THURSDAY, Oct. 7 (HealthDay News) -- Two new studies confirm that the immunity offered by two doses of Pfizer's coronavirus vaccine drops off after about two months, although protection against severe disease, hospitalization and death holds strong.
The reports, from Israel and Qatar, add to evidence that suggests even fully vaccinated people need to continue to guard against COVID-19 infection.
In one study, Israeli researchers found that antibody levels among 4,800 health care workers fell rapidly within months after two doses of the Pfizer vaccine, "especially among men, among persons 65 years of age or older, and among persons with immunosuppression."
That study also found that that immunity lasts longer in people who are vaccinated after natural COVID-19 infection.
In the other study of Pfizer's vaccine, researchers in Qatar found that "protection against infection builds rapidly after the first dose, peaks in the first month after the second dose, and then gradually wanes in subsequent months," Laith Abu-Raddad, of Weill Cornell Medicine-Qatar, and colleagues wrote.
"The waning appears to accelerate after the fourth month, to reach a low level of approximately 20% in subsequent months," they added.
However, the researchers also found that protection against hospitalization and death remained above 90%.
The vaccine's weakening protection may be due to people's behavior, the study authors noted.
"Vaccinated persons presumably have a higher rate of social contact than unvaccinated persons and may also have lower adherence to safety measures," they wrote. "This behavior could reduce real-world effectiveness of the vaccine as compared with its biologic effectiveness, possibly explaining the waning of protection."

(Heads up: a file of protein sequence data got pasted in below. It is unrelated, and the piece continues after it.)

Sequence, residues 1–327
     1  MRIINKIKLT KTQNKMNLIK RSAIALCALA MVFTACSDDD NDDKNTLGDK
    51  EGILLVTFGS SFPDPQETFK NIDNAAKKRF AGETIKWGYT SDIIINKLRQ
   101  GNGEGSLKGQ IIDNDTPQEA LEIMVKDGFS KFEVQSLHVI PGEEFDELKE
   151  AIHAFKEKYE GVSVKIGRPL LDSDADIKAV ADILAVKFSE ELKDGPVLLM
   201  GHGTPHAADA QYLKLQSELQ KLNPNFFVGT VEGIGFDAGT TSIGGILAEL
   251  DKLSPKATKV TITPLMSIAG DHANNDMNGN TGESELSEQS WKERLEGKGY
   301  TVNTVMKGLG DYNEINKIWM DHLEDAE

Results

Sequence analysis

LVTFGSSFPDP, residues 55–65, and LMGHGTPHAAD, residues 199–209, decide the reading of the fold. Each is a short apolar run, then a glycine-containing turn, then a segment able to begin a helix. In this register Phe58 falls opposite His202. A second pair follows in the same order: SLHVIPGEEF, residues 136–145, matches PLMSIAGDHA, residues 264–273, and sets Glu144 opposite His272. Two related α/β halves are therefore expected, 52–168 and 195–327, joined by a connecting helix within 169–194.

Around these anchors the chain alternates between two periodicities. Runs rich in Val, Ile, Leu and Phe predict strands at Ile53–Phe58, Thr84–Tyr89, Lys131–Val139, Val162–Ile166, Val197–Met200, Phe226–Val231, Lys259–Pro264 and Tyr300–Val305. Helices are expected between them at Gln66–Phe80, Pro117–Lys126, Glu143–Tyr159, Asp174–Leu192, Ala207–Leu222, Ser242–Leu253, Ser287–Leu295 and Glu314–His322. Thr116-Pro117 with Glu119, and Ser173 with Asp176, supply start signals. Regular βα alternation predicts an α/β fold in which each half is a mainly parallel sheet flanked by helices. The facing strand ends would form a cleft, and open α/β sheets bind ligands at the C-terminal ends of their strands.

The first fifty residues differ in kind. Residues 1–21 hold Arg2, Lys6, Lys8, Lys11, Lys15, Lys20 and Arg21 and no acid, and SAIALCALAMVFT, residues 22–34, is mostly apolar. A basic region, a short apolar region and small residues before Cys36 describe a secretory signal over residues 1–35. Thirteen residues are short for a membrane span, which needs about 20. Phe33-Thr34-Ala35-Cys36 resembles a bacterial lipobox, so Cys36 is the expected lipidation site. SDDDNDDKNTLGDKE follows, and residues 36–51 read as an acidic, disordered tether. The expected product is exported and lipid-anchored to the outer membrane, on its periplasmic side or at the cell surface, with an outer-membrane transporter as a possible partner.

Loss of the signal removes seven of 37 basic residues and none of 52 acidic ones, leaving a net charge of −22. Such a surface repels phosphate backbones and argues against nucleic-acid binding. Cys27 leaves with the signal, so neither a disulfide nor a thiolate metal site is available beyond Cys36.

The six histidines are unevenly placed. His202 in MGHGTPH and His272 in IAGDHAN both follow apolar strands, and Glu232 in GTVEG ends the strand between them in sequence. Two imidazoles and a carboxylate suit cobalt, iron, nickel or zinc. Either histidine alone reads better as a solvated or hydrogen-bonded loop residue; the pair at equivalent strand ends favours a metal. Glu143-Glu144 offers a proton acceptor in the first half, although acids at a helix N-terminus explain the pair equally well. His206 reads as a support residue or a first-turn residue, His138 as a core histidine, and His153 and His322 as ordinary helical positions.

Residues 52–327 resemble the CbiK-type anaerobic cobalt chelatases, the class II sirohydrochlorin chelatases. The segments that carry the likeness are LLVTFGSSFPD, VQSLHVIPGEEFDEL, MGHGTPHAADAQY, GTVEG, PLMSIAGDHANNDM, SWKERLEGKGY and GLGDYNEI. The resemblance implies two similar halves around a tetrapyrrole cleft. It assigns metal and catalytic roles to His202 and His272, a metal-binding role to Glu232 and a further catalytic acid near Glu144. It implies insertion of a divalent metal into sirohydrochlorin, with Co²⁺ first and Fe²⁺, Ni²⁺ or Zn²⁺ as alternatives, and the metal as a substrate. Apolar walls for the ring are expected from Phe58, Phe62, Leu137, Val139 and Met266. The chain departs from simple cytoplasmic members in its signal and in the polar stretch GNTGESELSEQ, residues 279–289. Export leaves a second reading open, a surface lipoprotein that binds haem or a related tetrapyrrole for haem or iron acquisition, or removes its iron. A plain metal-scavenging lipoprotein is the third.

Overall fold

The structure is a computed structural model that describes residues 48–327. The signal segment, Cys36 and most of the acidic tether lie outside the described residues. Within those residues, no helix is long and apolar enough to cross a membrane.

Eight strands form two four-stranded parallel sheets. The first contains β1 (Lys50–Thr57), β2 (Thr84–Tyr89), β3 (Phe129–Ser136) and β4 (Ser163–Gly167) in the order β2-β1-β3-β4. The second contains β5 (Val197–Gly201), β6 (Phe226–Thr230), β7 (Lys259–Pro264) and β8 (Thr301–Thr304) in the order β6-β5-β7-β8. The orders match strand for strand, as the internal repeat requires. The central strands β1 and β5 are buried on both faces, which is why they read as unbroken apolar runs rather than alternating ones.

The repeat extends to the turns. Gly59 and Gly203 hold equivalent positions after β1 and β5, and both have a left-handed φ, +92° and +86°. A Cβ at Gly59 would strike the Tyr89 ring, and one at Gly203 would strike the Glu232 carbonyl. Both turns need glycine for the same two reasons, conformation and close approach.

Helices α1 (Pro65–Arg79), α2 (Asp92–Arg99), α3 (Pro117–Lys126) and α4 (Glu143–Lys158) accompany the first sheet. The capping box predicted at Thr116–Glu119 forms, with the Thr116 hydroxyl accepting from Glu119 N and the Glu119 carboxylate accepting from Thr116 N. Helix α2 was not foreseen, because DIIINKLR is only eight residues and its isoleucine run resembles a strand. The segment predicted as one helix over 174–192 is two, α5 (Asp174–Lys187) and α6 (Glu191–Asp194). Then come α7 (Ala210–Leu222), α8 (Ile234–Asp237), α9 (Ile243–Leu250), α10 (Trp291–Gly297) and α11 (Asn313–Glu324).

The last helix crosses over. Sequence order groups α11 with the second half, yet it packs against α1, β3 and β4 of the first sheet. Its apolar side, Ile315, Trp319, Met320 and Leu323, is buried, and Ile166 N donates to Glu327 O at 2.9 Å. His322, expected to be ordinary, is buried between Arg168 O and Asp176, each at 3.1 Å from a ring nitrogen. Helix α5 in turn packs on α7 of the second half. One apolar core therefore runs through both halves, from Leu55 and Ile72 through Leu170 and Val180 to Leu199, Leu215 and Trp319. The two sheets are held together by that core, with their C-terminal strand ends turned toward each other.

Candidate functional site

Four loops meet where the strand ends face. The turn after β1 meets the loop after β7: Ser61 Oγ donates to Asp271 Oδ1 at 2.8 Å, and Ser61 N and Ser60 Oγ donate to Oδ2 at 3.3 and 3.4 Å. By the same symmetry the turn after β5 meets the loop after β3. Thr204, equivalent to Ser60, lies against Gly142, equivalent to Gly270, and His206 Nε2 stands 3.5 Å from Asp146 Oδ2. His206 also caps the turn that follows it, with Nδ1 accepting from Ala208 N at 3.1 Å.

The studies were published Wednesday in the New England Journal of Medicine.
Pfizer has been saying that immunity from the first two doses of its vaccine begins to wear off after a few months, CNN reported. Last month, the U.S. Food and Drug Administration approved emergency use of booster doses of Pfizer's vaccine six months after high-risk people finish their first two doses.
Meanwhile, the U.S. Centers for Disease Control and Prevention has recommended booster shots for people over 65, people with medical conditions that raise their risk of severe COVID-19, and people at high risk of coronavirus infection because of their jobs.
In the United States, more than 6 million people have already received a third dose of vaccine. On average, the CDC says, the pace of booster shots is now higher than the rate of people getting vaccinated for the first time, CNN reported.
Visit the U.S. Food and Drug Administration for more on COVID vaccines.
SOURCES: CNN; New England Journal of Medicine, Oct. 6, 2021
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